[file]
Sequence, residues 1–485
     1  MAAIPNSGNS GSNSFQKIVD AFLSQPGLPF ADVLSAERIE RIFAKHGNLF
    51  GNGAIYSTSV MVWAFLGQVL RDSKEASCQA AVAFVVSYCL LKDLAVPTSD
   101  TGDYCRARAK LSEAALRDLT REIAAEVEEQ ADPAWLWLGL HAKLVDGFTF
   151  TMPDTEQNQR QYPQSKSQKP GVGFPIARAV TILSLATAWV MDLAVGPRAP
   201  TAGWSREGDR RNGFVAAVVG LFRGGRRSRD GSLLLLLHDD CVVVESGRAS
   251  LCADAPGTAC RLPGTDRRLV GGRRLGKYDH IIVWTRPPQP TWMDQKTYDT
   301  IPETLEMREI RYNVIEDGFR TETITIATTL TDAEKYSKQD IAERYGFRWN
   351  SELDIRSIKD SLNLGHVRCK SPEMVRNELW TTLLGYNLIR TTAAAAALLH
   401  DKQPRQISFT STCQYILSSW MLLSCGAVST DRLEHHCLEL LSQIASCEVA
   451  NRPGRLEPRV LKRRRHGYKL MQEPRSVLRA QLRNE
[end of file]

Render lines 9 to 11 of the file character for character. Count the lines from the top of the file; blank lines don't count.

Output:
   351  SELDIRSIKD SLNLGHVRCK SPEMVRNELW TTLLGYNLIR TTAAAAALLH
   401  DKQPRQISFT STCQYILSSW MLLSCGAVST DRLEHHCLEL LSQIASCEVA
   451  NRPGRLEPRV LKRRRHGYKL MQEPRSVLRA QLRNE